Woolworths investigates after the woman claims she had maggots in her half chicken

Woolworths is investigating a confusing claim that a woman sold a chicken crawling with insects.

Kylie Mitrevsky says she bought a half-barbecued chicken from a store in Mayfield, New South Wales.

He shared a 50 5.50 purchase label showing the purchase on November 12 – the same day he posted it on the supermarket’s Facebook page.

“Explain why there are mahogany in the fried chicken purchased today?” He wrote to Woolworths.

The footage shows the chicken crawling with small maggots, while fellow shopkeepers expressed their disgust at the discovery.

See the photo in the video player above

“Oh dear God is disgusting,” one Facebook user wrote.

“I will never buy a chicken again,” another vowed.

Camera iconOn the same day the woman also shared the label of the chicken to show what she had bought. debt: Woolworths/Facebook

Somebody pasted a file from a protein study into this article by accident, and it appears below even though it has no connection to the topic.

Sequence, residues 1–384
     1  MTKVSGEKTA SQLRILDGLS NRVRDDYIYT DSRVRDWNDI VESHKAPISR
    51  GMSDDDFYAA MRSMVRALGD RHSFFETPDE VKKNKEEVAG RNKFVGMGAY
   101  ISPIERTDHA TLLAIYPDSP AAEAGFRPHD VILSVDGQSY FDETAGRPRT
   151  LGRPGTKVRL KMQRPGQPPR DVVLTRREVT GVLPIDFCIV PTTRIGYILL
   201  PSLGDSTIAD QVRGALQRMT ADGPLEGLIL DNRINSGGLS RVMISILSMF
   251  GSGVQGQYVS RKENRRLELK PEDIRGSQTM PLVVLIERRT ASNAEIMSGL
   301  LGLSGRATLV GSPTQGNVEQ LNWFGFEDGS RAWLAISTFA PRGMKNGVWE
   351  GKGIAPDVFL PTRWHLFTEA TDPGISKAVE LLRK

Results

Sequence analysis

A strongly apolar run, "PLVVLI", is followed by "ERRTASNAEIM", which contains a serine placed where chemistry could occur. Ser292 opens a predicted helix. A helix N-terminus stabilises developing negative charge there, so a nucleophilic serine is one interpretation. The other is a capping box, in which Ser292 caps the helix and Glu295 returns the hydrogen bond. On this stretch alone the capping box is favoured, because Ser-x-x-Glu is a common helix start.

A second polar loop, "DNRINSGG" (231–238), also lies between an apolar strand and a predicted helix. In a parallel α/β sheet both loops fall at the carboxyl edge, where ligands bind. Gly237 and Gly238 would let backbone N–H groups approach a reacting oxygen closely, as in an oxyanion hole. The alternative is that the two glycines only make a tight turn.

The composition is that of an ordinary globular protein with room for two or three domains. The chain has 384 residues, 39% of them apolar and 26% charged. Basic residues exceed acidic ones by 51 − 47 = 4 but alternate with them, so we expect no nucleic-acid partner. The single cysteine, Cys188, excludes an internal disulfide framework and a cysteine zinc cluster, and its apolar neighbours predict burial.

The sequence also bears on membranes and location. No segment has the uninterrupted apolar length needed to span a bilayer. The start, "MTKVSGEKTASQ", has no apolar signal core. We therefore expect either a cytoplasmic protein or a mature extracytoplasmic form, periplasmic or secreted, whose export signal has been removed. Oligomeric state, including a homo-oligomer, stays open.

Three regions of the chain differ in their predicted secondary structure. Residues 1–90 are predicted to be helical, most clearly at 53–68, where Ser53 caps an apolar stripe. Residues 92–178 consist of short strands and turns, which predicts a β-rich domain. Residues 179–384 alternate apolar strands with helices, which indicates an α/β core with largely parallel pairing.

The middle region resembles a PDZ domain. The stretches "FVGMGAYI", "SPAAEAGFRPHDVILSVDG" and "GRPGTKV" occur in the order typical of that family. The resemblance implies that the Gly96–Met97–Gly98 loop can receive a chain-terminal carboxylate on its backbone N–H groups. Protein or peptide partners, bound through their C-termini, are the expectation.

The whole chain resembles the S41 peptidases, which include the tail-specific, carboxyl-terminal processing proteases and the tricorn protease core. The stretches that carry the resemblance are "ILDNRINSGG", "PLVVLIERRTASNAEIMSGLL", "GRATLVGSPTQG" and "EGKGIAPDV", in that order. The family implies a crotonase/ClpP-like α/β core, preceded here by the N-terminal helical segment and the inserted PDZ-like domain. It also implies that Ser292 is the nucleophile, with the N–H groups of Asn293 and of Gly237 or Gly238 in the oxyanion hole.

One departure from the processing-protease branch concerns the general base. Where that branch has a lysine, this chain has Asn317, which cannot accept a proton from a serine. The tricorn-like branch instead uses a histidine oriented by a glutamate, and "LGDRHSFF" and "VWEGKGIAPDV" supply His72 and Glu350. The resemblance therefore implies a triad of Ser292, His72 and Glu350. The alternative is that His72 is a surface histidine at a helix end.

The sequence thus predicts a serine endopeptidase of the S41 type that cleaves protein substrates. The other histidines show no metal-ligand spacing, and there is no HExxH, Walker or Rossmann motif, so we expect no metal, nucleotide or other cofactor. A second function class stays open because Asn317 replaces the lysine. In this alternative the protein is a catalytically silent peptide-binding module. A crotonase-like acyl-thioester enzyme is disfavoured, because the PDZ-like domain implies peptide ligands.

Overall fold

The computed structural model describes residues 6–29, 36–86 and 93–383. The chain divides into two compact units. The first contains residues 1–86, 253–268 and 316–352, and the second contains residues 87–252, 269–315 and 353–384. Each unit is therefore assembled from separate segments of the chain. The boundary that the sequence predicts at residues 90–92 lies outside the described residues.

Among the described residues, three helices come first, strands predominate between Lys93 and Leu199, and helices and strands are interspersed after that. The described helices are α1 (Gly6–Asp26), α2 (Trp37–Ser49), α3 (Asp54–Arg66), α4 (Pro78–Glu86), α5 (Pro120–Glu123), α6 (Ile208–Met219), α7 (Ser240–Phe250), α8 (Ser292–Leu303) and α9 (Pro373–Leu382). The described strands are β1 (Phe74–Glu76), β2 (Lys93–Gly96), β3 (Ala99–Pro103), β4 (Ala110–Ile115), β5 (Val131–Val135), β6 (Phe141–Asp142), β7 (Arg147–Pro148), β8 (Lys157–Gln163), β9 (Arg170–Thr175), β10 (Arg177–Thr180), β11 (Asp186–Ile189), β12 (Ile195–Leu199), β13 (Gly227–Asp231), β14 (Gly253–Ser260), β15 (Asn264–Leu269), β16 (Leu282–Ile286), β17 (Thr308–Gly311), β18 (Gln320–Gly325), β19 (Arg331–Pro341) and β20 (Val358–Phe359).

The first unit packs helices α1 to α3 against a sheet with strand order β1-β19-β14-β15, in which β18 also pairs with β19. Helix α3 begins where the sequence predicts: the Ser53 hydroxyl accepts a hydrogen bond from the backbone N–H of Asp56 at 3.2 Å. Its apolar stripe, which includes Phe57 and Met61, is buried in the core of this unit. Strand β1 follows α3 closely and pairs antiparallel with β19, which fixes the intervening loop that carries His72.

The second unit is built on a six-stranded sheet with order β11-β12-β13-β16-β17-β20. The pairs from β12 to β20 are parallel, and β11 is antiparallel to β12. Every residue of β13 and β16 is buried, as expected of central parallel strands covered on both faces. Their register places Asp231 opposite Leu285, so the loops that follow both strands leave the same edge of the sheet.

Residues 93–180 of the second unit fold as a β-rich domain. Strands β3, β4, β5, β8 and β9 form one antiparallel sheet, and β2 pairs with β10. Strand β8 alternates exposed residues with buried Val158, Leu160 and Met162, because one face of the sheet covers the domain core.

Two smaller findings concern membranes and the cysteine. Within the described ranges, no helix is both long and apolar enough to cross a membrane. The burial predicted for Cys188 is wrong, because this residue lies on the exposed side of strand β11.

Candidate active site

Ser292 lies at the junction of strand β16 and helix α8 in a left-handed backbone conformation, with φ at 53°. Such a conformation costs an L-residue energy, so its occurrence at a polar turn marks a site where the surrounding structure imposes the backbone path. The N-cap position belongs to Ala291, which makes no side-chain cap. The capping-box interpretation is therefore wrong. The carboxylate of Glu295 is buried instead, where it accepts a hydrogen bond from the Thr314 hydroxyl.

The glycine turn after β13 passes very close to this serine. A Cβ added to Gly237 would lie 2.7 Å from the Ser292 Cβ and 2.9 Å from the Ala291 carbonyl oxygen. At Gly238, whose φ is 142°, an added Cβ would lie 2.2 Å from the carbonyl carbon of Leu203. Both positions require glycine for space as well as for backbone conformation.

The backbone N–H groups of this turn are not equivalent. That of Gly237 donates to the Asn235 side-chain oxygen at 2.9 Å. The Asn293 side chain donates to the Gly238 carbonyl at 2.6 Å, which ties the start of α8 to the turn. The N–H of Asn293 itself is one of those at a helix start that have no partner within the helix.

Others called it “total” and “unacceptable”.

Woolworths responded to Ms Mitrevsky by thanking her for bringing it to their attention and promising to explore it further.

“We take incidents like this seriously and with the block details provided in the pictures, we were able to send it to our team to see this,” the company wrote.

Woolworths has offered to pay the full amount to the chicken.

“Please note that with our new or free warranty, you are welcome to take your receipt to our service desk. Our wonderful team will gladly refund you the full refund and replacement,” the company said.

Last month, a mother said she discovered insects live inside a baker’s Delight pizza.

“It’s so bad,” he said.

“There was a party going on.”

Packers Delight said an investigation has been launched into the store, which was closed for in-depth cleaning.

“This type of incident is unusual for our business, so we are rushing this,” the company said.

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Cory Weinberg

About the Author: Cory Weinberg

Cory Weinberg covers the intersection of tech and cities. That means digging into how startups and big tech companies are trying to reshape real estate, transportation, urban planning, and travel. Previously, he reported on Bay Area housing and commercial real estate for the San Francisco Business Times. He received a "best young journalist" award from the National Association of Real Estate Editors.

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